In late 2009, Catherine began seeing an pediatric rheumatologist, who prescribed a higher dose of naproxen to treat her arthritis. He also ran a series of tests, from an MRI to a ultra sound of her heart. After examining her in his office, Dr. Stein diagnosed her with polyarticular juvenile rheumatoid arthritis, which typically affects five or more joints. Dr. Stein did an examination of Catherine from head to toe. It took 6 hours (from examination, laboratory and tests) he confirmed it. At the next visit a month later, Dr. Stein pulled me into his office and put a box of tissues in front of me and said, ‘Mrs. Cavalier, there’s no easy way for me to tell you this. We need to start medication immediately and aggressive therapy, I was overwhelmed by the news. I had no idea that rheumatoid arthritis could affect children. I don’t even remember driving home in my car and I was shell-shocked and why this happened and why couldn’t her father be here to be with me. I didn’t know arthritis was so bad, my grandmother has it and she seems ok. The first drug treatments of naproxen that was tried on Catherine didn’t seem to help and I was concerned about the risks posed by the drugs.
In February 2010 Dr. Stein confirmed that Catherine had juvenile rheumatoid arthritis after looking at her MRI. I was relieved but sadden because juvenile arthritis is so rare. I believe Catherine’s case had gone undetected by her pediatrician for a few years and was misdiagnosed numerous times due to her sudden fevers. Now, Dr. Stein finally has a diagnosis Catherine is being seen by her pediatric specialist and is now on weekly methotrexate treatments. Catherine is by no means cured or pain-free, Catherine’s life has improved dramatically after the knee injection procedure. A year ago, it took her more than an hour to get out of bed each morning. She could not walk up or down a single flight of stairs, and she would often need to be carried if we walked for more than 10 minutes. This has been going on while Catherine’s dad was in Iraq. My daughter has endured pain and inconvenience that is unfathomable to me, yet she hardly ever complains.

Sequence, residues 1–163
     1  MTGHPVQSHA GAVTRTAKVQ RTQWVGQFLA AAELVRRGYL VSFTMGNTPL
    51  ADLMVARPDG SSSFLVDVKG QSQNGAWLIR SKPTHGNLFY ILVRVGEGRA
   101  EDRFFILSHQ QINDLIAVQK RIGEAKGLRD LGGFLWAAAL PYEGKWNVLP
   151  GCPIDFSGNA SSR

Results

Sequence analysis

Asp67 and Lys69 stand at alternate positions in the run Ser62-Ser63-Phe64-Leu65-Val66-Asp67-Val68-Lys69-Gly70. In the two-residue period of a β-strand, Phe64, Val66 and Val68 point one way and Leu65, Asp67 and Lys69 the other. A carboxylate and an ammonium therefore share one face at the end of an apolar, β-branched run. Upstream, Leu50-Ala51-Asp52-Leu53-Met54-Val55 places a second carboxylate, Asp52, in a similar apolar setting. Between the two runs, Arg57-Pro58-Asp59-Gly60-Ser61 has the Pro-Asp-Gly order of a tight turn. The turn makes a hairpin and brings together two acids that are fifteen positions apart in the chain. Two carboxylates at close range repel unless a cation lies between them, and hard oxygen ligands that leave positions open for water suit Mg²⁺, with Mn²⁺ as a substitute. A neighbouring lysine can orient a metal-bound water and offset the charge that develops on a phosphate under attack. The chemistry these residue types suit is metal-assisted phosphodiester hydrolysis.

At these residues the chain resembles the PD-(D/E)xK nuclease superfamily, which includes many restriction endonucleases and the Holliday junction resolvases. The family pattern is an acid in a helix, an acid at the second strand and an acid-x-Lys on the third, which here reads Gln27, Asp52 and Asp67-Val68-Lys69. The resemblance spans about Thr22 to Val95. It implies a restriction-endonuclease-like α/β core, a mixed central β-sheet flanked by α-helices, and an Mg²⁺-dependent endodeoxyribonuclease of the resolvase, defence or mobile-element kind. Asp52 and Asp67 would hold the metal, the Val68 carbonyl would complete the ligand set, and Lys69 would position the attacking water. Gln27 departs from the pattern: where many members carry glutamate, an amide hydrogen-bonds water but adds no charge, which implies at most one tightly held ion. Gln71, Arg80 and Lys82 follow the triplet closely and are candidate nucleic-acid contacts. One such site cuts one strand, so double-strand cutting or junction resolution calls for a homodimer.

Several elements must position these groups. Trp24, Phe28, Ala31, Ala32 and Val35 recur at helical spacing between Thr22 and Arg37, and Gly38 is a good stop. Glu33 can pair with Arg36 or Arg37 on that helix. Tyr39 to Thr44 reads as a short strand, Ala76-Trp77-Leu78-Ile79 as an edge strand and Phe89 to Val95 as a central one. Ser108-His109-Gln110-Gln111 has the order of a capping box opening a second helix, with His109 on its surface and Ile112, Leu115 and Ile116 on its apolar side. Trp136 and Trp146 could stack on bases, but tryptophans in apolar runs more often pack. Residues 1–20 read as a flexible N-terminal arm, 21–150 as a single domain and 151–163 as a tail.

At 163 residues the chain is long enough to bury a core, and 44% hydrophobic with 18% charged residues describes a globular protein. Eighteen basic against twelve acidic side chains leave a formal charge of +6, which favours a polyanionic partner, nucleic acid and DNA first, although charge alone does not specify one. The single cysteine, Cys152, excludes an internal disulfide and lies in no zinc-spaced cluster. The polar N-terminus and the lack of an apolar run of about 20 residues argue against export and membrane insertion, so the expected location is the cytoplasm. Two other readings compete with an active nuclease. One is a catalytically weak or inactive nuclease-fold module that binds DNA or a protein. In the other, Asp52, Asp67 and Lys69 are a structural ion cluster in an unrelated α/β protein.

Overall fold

When I take Catherine to her appointments at UNC Pediatric Hospital, we are surrounded by children who are badly burned or have other rheumatoid illnesses and none of them seem to feel sorry for themselves. After 5 months on naproxen and getting her asthma under control, she had a knee injection procedure with Aristospan in June 2010.
n July 2010 the pediatric rheumatologist said that her knee improved but there was still thickening in her knee joint, he decided to put her on a weekly injection of Methotrexate. After my husband returned from Iraq we became involved with the North Carolina chapter of the Arthritis Foundation, a tremendous resource for families affected by arthritis and other rheumatic diseases.
So as of right now Catherine is on injections of Methotrexate, a type of chemotherapy. So far Catherine gets nauseated and usually has an upset stomach immediately following her injections. Dr. Stein is hoping for a “clinical remission”, meaning that the disease appear dormant with regular medication. Our hope is that Catherine can achieve a full remission once the medications have been tapered off. Throughout this past year Catherine has remained resilient and her spirit has never been broken.
Juvenile rheumatoid arthritis remains a very rare condition, so much so that it’s defined by the National Institutes for Health as an “orphan disease” because of the small number of cases in the country.
A 2007 U.S. Centers for Disease Control and Prevention study estimated that 294,000 U.S. children (or 1 in 250) have been diagnosed with arthritis or another rheumatologic condition. (American Academy of Orthopedic Surgeons).
I plan on creating a Non-Profit Group that supports kids and parents who have been diagnosed with Arthritis. My husband and I also plan to ride in the Carolina Blue Ridge Classic in 2011 with Team Catherine